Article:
map Montenegro
Amidst political turmoil, Montenegro managed in 2023 to achieve considerable growth of 6%. This owed much to a record tourist season, the influx of Russian and Ukrainian immigrants and improvements on the labour market. Starting as it does from such a high base, 2024 will likely see a slowing of growth to 4.2%. A range of cross-cutting reforms aimed at increasing salaries and pensions is likely to boost consumption; but it will also place a strain on public finances. EU integration is back on the agenda of both the government and the EU. However, political stability may be tested during the planned government reshuffle in 2024.
Main Economic Indicators202120222023202420252026
Population, 1000 persons619617615...
GDP, real change in %
GDP per capita (EUR at PPP)154601758019020...
Gross industrial production, real change in %4.9-3.36.4...
Unemployment rate - LFS, in %, average16.614.713.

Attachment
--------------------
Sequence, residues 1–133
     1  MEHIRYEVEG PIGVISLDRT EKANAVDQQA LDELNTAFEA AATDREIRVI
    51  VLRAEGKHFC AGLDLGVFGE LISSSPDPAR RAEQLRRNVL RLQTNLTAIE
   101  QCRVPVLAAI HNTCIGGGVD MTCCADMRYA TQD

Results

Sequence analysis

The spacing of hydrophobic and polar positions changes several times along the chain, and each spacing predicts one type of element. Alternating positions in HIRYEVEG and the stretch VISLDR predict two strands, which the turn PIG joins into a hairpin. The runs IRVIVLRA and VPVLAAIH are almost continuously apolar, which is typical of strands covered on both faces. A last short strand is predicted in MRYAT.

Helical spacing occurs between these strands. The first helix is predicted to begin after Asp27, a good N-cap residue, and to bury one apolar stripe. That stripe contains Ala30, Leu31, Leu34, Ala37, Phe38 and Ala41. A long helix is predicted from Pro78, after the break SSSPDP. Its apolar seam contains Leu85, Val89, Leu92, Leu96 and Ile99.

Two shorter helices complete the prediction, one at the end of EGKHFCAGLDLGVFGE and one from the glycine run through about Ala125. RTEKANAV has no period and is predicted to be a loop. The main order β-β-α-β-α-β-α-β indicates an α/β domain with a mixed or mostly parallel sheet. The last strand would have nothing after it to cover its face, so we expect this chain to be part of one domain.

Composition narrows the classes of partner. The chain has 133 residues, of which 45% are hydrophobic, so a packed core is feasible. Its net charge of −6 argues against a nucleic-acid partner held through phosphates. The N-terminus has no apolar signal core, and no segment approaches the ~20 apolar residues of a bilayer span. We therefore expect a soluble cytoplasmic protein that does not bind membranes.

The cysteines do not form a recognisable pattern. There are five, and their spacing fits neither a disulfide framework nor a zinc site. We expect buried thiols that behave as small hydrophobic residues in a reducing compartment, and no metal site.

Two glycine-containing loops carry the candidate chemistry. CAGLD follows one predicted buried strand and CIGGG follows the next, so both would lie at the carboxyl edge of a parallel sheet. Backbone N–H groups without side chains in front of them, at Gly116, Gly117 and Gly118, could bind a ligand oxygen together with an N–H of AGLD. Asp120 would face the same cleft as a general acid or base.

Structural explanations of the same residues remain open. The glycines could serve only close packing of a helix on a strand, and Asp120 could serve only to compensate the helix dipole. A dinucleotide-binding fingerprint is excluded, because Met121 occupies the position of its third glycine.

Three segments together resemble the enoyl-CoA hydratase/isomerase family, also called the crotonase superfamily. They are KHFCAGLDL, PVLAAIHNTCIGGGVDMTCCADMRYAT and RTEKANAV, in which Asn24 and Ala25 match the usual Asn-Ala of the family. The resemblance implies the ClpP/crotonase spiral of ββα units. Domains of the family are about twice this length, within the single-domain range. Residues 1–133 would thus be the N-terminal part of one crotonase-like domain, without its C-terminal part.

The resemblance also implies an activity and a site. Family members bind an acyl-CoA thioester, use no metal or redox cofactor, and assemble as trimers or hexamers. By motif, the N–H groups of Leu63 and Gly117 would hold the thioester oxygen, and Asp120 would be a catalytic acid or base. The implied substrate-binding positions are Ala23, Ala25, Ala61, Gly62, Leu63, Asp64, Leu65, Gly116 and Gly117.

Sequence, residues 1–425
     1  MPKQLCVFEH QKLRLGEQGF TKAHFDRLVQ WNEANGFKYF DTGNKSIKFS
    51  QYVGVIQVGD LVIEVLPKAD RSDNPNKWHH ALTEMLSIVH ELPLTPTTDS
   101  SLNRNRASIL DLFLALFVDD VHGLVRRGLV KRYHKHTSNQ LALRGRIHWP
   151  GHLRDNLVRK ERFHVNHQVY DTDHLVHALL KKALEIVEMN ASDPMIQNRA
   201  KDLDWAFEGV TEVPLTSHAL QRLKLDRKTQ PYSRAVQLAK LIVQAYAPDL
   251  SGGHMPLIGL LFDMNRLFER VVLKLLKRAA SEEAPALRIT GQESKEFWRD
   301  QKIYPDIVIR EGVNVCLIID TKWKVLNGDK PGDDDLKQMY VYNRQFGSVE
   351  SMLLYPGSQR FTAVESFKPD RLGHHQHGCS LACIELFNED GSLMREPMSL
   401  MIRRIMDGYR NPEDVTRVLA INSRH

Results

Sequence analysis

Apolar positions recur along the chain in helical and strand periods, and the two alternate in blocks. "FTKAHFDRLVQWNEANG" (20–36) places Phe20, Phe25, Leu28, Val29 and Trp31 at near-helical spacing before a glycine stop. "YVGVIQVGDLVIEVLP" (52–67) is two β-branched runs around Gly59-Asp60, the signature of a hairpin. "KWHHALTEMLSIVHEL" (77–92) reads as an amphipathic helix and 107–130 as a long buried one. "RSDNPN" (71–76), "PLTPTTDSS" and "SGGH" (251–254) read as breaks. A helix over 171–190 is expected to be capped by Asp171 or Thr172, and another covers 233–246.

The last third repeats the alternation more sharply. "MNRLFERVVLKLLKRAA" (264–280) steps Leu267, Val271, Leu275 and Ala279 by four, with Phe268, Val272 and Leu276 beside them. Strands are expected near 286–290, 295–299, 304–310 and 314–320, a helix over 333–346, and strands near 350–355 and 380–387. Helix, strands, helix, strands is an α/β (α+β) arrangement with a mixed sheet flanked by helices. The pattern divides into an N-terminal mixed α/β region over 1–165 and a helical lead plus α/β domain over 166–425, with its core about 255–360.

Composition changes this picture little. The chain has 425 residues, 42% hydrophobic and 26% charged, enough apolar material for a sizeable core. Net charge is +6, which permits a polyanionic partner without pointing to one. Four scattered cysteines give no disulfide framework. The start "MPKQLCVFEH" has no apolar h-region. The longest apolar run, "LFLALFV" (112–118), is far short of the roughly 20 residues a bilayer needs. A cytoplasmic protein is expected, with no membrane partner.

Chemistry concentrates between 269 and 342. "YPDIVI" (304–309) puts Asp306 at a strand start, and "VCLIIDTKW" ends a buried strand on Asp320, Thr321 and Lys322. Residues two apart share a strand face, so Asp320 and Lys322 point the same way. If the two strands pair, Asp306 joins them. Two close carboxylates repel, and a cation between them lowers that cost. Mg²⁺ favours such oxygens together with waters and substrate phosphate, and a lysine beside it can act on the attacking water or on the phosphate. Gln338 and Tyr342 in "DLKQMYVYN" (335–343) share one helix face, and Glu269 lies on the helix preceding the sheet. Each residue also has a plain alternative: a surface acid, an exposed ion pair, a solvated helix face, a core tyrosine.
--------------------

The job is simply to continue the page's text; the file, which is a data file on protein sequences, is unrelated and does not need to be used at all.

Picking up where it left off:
Average gross monthly wages, EUR793883987...
Consumer prices, % p.a.2.511.
Fiscal balance in % of GDP-1.9-4.30.6-6.0-6.0-6.0
Public debt in % of GDP84.069.260.3...
Current account in % of GDP-9.2-12.9-11.4-10.7-10.6-10.4
FDI inflow, EUR m591833487...
Gross external debt in % of GDP191.7158.4131.5...

Basic data are continuously updated.

* Forecasts are changed beginning of January, April, July and November.
See Press Conferences.


Executive summary

Olga Pindyuk
in: The Crisis is Over, but its Scarring Effects are Hindering Recovery
wiiw Forecast Report No. Spring 2024, April 2024 , pp. I-VII


Monthly Report No. 1/2024

Vasily Astrov, Alexandra Bykova, Rumen Dobrinsky, Selena Duraković, Meryem Gökten, Richard Grieveson, Doris Hanzl-Weiss, Gabor Hunya, Branimir Jovanović, Niko Korpar, Sebastian Leitner, Isilda Mara, Olga Pindyuk, Sandor Richter, Marko Sošić, Bernd Christoph Ströhm, Maryna Tverdostup and Adam Żurawski
wiiw Monthly Report No. 1, January 2024
50 pages including 5 Tables and 18 Figures